Bloomberg News

2011-12 Coffee Output Seen at 128.5 Million Bags, ICO Says

March 01, 2012

Global coffee output will be 128.5 million bags in the season started in October, down from the previous forecast of 130.9 million bags, according to the London-based International Coffee Organization.

Production in Vietnam, the biggest grower of the robusta variety, will be 17.5 million bags, one million fewer than estimated in January’s report, ICO data show. Output in Uganda, Africa’s second-largest producer, will fall to 2.85 million bags from a previous forecast of 3.3 million bags. Farmers in India will harvest 4.9 million bags, down from 5.4 million bags.

“A slight decrease of 3.7 percent is forecast in Asia and Oceania, down to 34.7 million bags,” the ICO said in the February report e-mailed today. “This reduction in production is due to Vietnam and India where heavy rains are likely to affect their output.”

Global production will drop from 134.3 million bags in the 2010-11 season as arabica trees entered the lower-yielding half of a two-year cycle in Brazil, the biggest grower. Output in Central America will also fall because of rains.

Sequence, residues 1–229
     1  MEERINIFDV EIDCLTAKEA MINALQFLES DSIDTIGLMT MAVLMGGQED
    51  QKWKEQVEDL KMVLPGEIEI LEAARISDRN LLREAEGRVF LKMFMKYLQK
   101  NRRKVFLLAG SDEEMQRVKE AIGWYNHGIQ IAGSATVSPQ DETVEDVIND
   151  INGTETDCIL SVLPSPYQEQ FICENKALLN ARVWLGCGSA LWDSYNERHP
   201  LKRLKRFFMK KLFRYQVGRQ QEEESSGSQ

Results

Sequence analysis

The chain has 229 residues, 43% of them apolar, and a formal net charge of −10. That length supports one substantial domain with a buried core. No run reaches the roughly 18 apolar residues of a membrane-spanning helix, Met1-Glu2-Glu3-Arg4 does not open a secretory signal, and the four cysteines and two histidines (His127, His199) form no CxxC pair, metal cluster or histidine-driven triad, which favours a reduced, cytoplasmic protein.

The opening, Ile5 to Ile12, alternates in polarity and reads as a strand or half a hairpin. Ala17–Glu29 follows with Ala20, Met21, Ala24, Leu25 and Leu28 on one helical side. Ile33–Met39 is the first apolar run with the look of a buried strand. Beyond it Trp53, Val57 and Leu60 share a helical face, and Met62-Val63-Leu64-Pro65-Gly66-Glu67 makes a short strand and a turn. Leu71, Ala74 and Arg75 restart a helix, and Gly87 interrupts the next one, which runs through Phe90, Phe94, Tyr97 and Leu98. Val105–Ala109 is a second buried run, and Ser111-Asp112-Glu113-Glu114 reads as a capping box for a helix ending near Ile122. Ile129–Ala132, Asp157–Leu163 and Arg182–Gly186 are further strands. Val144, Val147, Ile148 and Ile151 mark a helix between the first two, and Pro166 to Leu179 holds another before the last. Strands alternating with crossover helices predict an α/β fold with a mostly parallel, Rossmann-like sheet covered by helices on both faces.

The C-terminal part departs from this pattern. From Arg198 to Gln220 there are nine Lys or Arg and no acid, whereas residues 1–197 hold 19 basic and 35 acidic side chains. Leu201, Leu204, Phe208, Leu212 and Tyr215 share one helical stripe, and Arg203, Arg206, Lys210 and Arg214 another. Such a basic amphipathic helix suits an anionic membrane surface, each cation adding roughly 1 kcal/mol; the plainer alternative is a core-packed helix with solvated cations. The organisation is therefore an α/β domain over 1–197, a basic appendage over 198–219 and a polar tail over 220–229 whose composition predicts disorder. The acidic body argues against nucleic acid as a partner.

Beginning stocks in exporting countries for the 2011-12 season stood at 17.4 million bags, the lowest on record, the ICO said. High prices encouraged exports, it said. Inventories in importing countries were at 22.3 million bags, a “healthy level.”

Coffee consumption was 135 million bags in 2010 and is set to increase in 2011, the ICO said, without providing figures for last year. Prices climbed to a 14-year high of $3.089 a pound in May last year.

Arabicas

“Strong and dynamic demand, coupled with the short supply of washed arabicas, should support firm prices going forward,” according to the report.

Robusta coffee is grown mainly in Asia and parts of Africa and used to make instant drinks and espresso. Arabica beans are grown mainly in Latin America and favored by companies like Starbucks Corp. (SBUX) for specialty drinks.

To contact the reporter on this story: Isis Almeida in London at ialmeida3@bloomberg.net

To contact the editor responsible for this story: John Deane at jdeane3@bloomberg.net


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